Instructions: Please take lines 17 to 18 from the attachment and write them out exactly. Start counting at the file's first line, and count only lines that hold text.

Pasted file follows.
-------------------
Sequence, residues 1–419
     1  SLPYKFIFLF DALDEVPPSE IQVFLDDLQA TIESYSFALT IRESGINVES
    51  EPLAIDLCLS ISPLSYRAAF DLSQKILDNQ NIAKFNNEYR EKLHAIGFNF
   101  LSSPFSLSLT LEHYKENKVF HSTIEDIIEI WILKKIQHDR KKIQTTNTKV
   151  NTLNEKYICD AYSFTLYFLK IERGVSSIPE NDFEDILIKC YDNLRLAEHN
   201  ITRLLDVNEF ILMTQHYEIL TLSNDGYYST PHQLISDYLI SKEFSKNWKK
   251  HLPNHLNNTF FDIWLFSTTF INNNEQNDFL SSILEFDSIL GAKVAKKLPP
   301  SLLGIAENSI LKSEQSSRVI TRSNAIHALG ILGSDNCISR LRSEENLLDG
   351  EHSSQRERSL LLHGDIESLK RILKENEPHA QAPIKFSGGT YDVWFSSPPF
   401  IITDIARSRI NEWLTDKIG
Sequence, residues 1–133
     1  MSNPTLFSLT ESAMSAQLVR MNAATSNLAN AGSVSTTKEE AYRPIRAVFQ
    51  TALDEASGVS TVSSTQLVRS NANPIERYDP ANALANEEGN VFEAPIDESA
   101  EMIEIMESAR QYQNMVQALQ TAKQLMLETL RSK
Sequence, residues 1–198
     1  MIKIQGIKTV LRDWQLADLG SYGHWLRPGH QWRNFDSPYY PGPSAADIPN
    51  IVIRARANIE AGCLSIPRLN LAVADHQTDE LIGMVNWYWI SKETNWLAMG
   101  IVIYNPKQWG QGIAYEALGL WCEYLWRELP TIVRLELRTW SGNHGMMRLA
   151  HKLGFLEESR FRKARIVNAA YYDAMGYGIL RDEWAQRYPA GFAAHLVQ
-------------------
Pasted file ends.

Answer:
    51  IVIRARANIE AGCLSIPRLN LAVADHQTDE LIGMVNWYWI SKETNWLAMG
   101  IVIYNPKQWG QGIAYEALGL WCEYLWRELP TIVRLELRTW SGNHGMMRLA